Resident Evil Vs Silent Hill – Nostalgia Vs Wisdom

Horror games give an unmatched experience.  No other genre compares to the tension of barricading yourself in a dark room, headset on, ready to be hunted and fight through a nightmare world of hellish monsters… Pure bliss.

My teenage years took place in the 1990s, a troubled time. A decade of fierce pop culture feuds that dictated friendships, relationships and more. There was a lot going on; Pokemon vs Digimon, Nintendo vs Playstation, Oasis vs Blur. But for me, there was only one rivalry that mattered: Resident Evil vs Silent Hill.

The choice split me in two like a mushy zombie under Pyramid Head’s Great Knife. I loved both series to torn-bloody pieces. How could I possibly pledge undying allegiance to just one franchise? I’d rather be ripped apart by zombified dogs.

Which game series is the best?  I couldn’t decide in the ’90s and I still can’t decide now. Through the lense of hindsight and nostalgia we only see what we want to see, but with time comes wisdom. I think I’ve finally found the three medallions that unlock this particular door of debate inside myself.

My opinions have definitely shifted over the years. At the start of this fight for my heart, Resident Evil delivered a hefty shotgun blast of amazing zombie mashing action, Silent Hill on the other hand simply slid a sharp dagger of psychological dread into my back and left it there to fester.

The two franchises are chalk and cheese, or Jason Vorhees and Freddy Kruger if you prefer, which I do. Jason and Freddy may have some stuff in common, like a fondness for bladed instruments and massacring naive teens, but they are certainly not the same beast.

Resident Evil and Silent Hill are similarly not the same beasts at all. Silent Hill is Freddy, living in your mind, turning your own fears and insecurities against you. A shrouded ever-present threat just out of reach but watching your every move, waiting.

Resident Evil is Jason, a hulking mass of grotesque flesh relentlessly coming at you in the real world. You can blast him to pieces, set him on fire but he’s gonna keep coming at you and you’re never ready.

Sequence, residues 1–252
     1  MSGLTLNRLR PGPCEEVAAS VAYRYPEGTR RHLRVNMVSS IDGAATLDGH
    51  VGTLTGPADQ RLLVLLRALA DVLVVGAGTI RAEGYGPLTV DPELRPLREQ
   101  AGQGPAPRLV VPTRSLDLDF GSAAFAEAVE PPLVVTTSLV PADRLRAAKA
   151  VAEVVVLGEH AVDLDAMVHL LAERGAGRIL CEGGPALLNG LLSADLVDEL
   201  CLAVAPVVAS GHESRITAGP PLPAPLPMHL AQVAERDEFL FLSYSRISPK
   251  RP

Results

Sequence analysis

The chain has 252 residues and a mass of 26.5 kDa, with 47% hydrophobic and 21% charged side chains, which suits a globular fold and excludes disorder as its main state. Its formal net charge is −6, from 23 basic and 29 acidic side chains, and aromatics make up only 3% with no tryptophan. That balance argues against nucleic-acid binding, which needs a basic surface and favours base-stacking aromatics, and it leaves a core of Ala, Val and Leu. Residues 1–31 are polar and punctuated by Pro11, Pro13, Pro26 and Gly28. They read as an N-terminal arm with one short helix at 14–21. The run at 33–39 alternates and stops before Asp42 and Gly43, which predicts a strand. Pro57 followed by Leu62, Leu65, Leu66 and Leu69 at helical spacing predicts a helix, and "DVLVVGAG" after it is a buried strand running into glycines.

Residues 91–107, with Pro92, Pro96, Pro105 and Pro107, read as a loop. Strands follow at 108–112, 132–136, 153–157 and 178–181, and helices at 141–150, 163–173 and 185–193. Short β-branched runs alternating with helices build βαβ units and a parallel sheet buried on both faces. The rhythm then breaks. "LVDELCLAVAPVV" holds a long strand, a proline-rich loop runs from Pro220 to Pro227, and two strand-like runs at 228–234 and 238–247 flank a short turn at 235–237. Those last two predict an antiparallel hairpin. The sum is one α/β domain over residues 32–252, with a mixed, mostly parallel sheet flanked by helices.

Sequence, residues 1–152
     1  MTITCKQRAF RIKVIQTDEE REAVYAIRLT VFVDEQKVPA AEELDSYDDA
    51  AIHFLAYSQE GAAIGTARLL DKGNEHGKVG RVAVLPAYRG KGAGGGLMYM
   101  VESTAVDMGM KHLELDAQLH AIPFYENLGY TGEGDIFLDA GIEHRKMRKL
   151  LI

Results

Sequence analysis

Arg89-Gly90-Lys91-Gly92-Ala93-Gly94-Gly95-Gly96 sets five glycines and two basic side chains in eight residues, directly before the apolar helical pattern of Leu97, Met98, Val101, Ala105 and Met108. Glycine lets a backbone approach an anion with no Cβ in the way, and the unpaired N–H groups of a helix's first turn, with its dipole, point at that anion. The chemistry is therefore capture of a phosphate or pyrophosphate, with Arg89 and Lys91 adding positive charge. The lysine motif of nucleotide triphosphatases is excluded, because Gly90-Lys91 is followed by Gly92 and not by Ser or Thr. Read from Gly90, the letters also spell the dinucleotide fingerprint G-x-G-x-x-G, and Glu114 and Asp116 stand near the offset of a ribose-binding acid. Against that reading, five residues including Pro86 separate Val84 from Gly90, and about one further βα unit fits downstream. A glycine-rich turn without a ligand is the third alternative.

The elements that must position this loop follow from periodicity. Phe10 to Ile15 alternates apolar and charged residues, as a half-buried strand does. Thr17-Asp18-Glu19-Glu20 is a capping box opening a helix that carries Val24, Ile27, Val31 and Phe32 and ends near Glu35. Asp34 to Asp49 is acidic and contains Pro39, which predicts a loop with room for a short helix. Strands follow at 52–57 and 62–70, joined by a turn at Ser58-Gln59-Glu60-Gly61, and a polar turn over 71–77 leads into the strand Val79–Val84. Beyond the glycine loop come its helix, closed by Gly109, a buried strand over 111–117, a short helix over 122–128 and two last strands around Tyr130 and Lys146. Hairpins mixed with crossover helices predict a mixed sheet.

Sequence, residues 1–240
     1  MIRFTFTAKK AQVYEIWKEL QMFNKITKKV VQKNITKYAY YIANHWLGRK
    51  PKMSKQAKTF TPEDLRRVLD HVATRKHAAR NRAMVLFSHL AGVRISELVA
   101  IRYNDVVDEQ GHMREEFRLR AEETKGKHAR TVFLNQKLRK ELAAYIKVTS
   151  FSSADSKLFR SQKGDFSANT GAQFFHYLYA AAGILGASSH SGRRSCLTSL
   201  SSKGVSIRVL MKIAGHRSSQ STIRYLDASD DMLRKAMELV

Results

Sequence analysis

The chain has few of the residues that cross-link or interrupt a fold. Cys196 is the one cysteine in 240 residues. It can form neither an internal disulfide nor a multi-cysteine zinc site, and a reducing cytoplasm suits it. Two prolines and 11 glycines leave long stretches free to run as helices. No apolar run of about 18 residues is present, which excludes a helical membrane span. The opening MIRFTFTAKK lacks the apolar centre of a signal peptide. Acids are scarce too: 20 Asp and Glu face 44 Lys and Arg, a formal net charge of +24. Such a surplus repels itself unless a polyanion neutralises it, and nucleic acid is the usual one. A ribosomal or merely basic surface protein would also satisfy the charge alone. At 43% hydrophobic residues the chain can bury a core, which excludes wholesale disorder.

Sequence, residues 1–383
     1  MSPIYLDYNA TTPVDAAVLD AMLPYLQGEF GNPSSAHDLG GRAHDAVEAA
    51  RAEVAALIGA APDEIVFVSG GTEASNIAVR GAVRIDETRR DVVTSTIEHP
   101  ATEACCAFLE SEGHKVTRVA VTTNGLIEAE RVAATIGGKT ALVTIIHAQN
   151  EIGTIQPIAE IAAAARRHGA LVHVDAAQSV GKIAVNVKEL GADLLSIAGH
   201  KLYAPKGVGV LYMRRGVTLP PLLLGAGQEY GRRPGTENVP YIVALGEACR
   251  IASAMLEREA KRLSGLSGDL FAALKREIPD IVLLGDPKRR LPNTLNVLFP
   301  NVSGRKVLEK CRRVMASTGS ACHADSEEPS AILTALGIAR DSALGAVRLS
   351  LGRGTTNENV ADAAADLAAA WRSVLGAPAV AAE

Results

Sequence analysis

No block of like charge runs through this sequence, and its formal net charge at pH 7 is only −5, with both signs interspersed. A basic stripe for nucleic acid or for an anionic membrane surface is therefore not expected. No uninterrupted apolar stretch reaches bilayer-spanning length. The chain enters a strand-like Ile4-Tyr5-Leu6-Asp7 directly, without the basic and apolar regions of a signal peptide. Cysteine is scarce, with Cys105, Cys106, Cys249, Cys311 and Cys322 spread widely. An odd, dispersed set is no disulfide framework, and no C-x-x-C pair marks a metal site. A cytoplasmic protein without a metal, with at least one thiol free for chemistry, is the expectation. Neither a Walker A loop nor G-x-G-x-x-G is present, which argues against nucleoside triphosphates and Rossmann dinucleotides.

They provide two very different types of terror, both equally scary, but somehow uncomparable in the safe light of day.

Let’s talk highlights.  For me they have to be the obvious choices: Resident Evil 4 and Silent Hill 2. Both of these titles go above and beyond what came before, gained critical and commercial success, and changed the face of horror games forever.

I don’t think I have played any game as much as Resi4. At this point, maybe an entire week of my life has been swallowed by the hungry zombies in that infected little Spanish town. I’d do it again, I tell you, just put that pad in my hand.

What’s not to love about Resident Evil 4? The storyline is outlandishly brilliant, the gameplay is revolutionary, the atmosphere and game design is impeccable. I have a glowing vulnerable spot for the weapons and upgrade system in this game. Firstly, for a Resi game there’s loads of guns, three different shotguns to choose from, someone really knows how to make a man moist!

And the upgrade system is fantastic. Fully upgrading a weapon will unlock a super upgrade, turning every weapon into a dastardly zombie smashing tool of the highest order. I can still sometimes hear the crack of a fully upgraded Red9 pistol in the quiet hours of a dark night.

It may be a controversial opinion but I also think the zombies in Resi4 are the best in the whole franchise. I know what the die hard fans will say, “Err actually they aren’t zombies, they are Ganados and are infected with a Las Plagas parasite”, and, yeah well, this is Resident Evil and they are zombies, don’t @ me please.

What makes Resi4’s “zombies” so good is the fact they aren’t just standard walking flesh bag zombies. They are now faster, can climb ladders, stab with a pitch fork or hurl a cleaver at faces. None of these additions make me feel warm and fuzzy inside, They do however fill me with a new found fear. Gone are the days of dodging around a shambling rot bag to safety.